Around 1850 Georg Friedrich Bernhard Riemann (1826-1866) was at the University of Göttingen studying for his Ph.D. under Gauss's supervision. Listing was also a professor there. In Riemann's thesis, which received an uncharacteristically enthusiastic response from the rather haughty Gauss, he developed the concept that was later to be called the Riemann surface. The importance of this work was that it introduced topological methods into the theory of complex variables. Complex numbers are those of the form a + bi, where i is the imaginary square root of -1. The Riemann surface is multi-layered, allowing a multi-valued function of a complex variable to be interpreted as a single-valued function.

One of the most famous constructions in topology is the Möbius strip. This was discovered independently by August Frederick Möbius (1790-1868) and Listing in the early 1860s. The Möbius strip is intriguing because at first glance it appears to be a simple ring with inside and outside surfaces. However, it is actually a single-sided surface.

You can construct a Möbius strip yourself by taking a strip of paper and giving it a half-twist before taping the two ends together. Then take a pencil and, beginning anywhere along the strip, follow it around its length, keeping always to the middle of the strip. You will find that, because of the half-twist, you will continuously traverse what appears to be both "sides" of the paper until your pencil arrives back it its starting point, demonstrating that the construction really only has one side. If you cut along the line you have made, you don't get two narrow rings as you might expect; instead, the strip stays in one piece. Repeat the procedure and you get two separate, intertwined strips.

The Klein bottle is analogous to the Möbius strip but in three dimensions. It is a closed surface, but it has no inside or outside. Unfortunately, the Klein bottle does not lend itself to demonstration. Just as the two-dimensional Möbius strip is constructed with a half-twist through the third dimension, constructing a Klein bottle would require manipulation in a fourth spatial dimension.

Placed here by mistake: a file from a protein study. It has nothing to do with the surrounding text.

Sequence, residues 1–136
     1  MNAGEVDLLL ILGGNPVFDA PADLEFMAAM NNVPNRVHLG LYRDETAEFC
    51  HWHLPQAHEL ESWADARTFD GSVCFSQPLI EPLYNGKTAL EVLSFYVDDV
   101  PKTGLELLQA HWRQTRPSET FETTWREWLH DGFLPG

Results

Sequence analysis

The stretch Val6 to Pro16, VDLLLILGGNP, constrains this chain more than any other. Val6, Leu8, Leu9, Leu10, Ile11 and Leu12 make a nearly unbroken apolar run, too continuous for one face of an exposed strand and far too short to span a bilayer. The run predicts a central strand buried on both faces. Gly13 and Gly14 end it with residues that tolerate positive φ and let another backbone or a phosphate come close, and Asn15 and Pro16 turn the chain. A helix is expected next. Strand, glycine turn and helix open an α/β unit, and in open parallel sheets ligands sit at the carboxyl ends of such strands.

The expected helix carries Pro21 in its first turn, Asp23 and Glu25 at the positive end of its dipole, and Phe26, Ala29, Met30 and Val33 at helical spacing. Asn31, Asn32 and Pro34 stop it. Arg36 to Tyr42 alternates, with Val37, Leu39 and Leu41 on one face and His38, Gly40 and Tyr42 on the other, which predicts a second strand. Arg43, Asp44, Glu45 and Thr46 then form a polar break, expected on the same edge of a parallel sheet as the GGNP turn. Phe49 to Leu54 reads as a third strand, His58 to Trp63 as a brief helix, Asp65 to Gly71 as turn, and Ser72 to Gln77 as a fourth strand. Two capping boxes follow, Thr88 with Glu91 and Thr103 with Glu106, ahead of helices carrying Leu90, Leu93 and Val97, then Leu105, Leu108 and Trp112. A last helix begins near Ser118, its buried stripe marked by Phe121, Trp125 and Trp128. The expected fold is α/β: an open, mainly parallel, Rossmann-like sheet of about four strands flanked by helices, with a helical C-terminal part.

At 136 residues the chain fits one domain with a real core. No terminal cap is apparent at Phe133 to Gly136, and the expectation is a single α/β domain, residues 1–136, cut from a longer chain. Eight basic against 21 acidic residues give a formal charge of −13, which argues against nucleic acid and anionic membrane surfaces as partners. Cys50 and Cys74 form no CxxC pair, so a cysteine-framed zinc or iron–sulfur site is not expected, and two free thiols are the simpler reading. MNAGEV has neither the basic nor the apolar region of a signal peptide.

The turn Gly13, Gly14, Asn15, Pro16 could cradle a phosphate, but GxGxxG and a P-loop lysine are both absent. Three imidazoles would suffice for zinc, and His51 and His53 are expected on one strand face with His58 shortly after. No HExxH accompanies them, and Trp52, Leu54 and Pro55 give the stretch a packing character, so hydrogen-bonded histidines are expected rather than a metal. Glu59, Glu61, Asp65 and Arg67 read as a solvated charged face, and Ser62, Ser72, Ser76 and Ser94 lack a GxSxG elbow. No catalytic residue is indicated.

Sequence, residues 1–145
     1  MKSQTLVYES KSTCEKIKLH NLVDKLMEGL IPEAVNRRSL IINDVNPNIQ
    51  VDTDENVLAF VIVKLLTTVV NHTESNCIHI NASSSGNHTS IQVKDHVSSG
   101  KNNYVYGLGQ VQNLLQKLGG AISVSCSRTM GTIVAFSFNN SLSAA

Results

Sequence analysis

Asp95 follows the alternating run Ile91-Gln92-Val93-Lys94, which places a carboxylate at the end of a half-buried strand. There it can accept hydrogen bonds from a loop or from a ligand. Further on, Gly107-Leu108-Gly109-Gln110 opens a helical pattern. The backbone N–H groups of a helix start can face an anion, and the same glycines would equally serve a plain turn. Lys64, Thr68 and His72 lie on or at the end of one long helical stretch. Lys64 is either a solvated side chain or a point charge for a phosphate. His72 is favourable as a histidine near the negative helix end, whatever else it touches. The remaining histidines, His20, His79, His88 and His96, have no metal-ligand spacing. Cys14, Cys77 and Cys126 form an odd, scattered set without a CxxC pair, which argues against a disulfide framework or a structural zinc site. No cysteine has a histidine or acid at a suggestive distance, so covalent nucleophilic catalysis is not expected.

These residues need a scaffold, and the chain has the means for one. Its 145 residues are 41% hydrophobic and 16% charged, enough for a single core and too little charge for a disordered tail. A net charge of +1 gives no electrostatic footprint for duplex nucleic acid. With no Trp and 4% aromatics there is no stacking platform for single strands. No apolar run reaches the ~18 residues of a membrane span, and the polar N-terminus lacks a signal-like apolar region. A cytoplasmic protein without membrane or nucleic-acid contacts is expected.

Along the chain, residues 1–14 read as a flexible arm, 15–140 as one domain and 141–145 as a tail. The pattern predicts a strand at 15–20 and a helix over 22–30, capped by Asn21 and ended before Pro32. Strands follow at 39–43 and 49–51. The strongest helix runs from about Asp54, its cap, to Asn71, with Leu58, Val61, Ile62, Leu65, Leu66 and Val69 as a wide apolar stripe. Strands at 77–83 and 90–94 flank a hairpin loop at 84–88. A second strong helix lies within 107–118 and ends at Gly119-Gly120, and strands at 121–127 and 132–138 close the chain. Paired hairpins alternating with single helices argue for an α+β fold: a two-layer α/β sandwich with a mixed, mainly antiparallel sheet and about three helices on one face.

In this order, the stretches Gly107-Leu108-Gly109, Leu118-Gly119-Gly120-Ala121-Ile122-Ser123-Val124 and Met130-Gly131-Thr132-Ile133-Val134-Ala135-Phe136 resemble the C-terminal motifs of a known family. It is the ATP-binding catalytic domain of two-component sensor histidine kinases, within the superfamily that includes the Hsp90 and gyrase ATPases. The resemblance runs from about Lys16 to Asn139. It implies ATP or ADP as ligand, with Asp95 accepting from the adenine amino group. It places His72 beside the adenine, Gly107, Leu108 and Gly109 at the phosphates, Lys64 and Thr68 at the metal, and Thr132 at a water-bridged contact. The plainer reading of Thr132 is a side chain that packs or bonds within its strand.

The topological concept illustrated by the Möbius strip and Klein bottle is that of connectivity. Connectivity was among the ideas formalized by the French mathematician Jules-Henri Poincaré (1854-1912) in 1895 in a series of papers called Analysis situs ("Positional Analysis"). Poincaré was among the first to use the tools of algebra in topology.

One familiar topological problem first posed in the middle of the nineteenth century was not solved until more than 100 years later. Maps are generally drawn so that no two regions sharing a boundary are the same color. Mathematicians were interested in determining the minimum number of colors required to color any map in this way. Three colors were clearly not enough; a map of four regions could easily be drawn in which each region shared a boundary with three others, and that required four colors.

In 1890 it was proven mathematically that five colors would always be sufficient. A map had never been found in which more than four colors were required. Individual proofs had been constructed for four-color mapping of up to about 40 regions by the middle of the twentieth century. Still, a general proof that four colors were always enough remained elusive. The problem was finally solved in 1976 by mathematicians at the University of Illinois, with the aid of more than 1,000 hours of computerized number-crunching.


Further Reading

Aull, C. E. and R. Lowen, eds. Handbook of the History of General Topology. Boston: Kluwer Academic Publishers, 1997.

James, I. M., ed. History of Topology. New York: Elsevier Science, 1999.

Manheim, Jerome H. The Genesis of Point Set Topology. New York: Macmillan, 1964.